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As you know em is a relative font measurement where one em is equal to the height of the letter "M" in the default font size. An advantage in using it is because you will be able to resize the text.

But how can i get default font size of current environment (in pixels) by using JavaScript or JQuery ?

regards,

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7 Answers

up vote 12 down vote accepted

There are a couple of situations this can be useful-

function getDefaultFontSize(pa){
 pa= pa || document.body;
 var who= document.createElement('div');

 who.style.cssText='display:inline-block; padding:0; line-height:1; position:absolute; visibility:hidden; font-size:1em';

 who.appendChild(document.createTextNode('M'));
 pa.appendChild(who);
 var fs= [who.offsetWidth, who.offsetHeight];
 pa.removeChild(who);
 return fs;
}

alert(getDefaultFontSize())

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Very good. Congratulations. I hope it works fine. UPvote. –  Arthur Ronald Sep 18 '09 at 14:13
    
The width on this is wrong for me (it's the page width). Changing it from div to span fixes it. –  ThinkingStiff Jul 5 '12 at 20:27
    
Does it matter that my html element has a font size of 100% (i.e. whatever the browser's settings are), and all other sizes on the website are declared in em? The above code gives me a font size in px, correct? Is this freely interchangeable? –  Jens Jul 2 '13 at 7:39
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One trick I've seen/used in the past is to render some text (say 50 arbitrary characters, or Ms) and then measure the size of the rendered container and do the math to figure out the height and width of a single character. Is this what you're going for? You can do the rendering in the background so the user doesn't see it.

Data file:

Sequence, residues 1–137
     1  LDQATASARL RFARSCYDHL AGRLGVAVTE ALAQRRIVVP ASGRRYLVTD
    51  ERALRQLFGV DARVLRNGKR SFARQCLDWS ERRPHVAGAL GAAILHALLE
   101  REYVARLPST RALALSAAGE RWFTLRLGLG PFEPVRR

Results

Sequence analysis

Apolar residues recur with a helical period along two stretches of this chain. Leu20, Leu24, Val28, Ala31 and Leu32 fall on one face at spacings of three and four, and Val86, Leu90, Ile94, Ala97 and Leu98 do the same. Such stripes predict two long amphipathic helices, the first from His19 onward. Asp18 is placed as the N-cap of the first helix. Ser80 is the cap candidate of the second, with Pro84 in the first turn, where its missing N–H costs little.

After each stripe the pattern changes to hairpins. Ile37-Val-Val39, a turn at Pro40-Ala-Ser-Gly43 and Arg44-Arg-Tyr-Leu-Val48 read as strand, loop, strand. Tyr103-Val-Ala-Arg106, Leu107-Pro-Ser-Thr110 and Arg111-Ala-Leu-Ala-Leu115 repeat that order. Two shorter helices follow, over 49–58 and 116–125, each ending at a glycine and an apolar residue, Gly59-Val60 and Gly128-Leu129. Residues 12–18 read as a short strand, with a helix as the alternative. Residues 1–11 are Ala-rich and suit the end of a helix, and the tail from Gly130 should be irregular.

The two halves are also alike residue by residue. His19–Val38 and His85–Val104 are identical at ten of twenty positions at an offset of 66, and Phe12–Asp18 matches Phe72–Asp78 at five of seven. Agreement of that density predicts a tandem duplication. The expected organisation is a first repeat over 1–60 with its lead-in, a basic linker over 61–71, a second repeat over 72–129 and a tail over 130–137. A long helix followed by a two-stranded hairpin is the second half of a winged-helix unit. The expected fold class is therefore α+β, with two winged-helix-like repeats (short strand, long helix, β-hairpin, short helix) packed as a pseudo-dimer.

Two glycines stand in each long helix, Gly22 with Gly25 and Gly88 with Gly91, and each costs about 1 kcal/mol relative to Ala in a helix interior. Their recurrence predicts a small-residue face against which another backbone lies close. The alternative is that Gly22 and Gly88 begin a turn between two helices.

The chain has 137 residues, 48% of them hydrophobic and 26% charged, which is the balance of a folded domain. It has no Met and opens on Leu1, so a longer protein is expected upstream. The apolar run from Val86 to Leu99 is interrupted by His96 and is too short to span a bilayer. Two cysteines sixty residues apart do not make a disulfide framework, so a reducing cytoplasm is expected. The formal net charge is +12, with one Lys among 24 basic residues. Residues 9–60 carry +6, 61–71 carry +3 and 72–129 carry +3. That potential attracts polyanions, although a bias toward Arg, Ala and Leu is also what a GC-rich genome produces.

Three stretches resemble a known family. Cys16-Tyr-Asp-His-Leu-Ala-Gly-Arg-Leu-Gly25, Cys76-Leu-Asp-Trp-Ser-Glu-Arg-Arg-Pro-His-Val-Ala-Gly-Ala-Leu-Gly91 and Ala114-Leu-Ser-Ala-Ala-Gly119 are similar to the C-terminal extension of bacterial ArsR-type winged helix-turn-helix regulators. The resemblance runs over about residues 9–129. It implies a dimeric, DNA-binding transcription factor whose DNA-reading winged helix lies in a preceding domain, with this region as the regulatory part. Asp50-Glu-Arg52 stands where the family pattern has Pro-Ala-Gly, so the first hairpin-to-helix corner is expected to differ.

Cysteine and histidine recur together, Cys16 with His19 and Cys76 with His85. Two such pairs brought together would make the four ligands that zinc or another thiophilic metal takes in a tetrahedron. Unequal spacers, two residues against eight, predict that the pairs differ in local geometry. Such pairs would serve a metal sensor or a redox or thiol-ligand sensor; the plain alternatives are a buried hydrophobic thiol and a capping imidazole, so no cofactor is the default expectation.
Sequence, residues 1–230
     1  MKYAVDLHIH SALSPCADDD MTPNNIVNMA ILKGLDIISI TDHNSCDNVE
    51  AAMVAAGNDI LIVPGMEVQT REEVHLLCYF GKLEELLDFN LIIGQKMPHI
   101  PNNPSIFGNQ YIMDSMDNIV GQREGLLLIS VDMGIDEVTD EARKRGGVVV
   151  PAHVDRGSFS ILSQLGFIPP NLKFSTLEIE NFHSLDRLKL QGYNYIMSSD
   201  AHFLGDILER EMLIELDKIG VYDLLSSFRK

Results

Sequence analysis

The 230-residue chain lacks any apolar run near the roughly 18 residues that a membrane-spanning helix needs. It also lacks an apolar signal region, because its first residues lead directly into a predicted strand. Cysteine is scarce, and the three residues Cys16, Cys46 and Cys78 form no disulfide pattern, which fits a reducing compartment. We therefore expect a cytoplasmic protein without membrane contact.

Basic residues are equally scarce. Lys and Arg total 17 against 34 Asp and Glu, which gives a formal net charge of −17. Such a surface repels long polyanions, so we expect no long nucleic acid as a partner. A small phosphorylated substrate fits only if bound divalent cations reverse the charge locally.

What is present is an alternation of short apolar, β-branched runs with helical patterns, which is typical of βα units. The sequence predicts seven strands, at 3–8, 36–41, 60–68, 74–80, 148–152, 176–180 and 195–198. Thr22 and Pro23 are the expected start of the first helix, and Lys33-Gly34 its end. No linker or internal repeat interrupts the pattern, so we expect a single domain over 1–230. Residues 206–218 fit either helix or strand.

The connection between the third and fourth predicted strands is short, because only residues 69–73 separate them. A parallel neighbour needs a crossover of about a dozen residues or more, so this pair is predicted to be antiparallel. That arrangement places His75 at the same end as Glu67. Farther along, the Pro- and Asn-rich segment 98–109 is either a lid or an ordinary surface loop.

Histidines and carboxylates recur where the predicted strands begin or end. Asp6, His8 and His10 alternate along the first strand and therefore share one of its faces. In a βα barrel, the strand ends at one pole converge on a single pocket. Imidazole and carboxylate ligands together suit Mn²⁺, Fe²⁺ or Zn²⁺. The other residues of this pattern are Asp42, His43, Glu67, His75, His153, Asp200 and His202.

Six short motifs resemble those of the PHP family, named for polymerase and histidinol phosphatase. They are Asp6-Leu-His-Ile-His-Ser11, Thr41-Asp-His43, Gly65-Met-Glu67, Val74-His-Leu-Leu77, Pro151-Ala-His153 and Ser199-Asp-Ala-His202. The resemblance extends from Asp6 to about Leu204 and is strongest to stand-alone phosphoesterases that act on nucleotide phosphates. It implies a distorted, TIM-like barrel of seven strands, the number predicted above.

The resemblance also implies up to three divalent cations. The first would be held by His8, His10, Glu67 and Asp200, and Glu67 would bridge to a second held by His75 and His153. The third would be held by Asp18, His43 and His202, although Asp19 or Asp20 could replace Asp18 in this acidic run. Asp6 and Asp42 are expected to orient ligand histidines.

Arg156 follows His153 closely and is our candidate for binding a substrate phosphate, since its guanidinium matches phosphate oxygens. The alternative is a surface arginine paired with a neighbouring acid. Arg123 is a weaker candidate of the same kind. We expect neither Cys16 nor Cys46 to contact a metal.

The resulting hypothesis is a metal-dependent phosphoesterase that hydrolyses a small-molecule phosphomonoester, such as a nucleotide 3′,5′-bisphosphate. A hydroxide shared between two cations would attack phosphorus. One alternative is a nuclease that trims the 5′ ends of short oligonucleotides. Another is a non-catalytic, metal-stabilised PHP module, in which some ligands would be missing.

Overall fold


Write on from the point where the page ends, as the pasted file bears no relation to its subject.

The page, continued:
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It sounds like a good idea but i think there is another good solution. –  Arthur Ronald Sep 18 '09 at 4:37
    
Actually this is pretty much the way it's being done these days. –  Triptych Sep 18 '09 at 11:25
    
Ok Glenn, UPvote –  Arthur Ronald Sep 18 '09 at 21:44
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I believe the M-principle is a myth. At the very least the following documentation from http://www.w3.org/TR/CSS21/syndata.html proves that calculations based on the M-principle are overly complicated and unnecessary.

The 'em' unit is equal to the computed value of the 'font-size' property of the element on which it is used. The exception is when 'em' occurs in the value of the 'font-size' property itself, in which case it refers to the font size of the parent element. It may be used for vertical or horizontal measurement. (This unit is also sometimes called the quad-width in typographic texts.)

From this documentation the following are true.

  1. Without ancestor magnification, 1em is exactly equal to the pixel font size.

  2. Since ancestor magnification with ems and percent works in well defined ways a simple loop will calculate exact font sizes, assuming: no C.S.S; and some ancestor has it's font size set in absolute units.

  3. Since ems measure width you can always compute the exact pixel font size by creating a div that is 1000 ems long and dividing its client-Width property by 1000. I seem to recall ems are truncated to the nearest thousandth, so you need 1000 ems to avoid an erroneous truncation of the pixel result.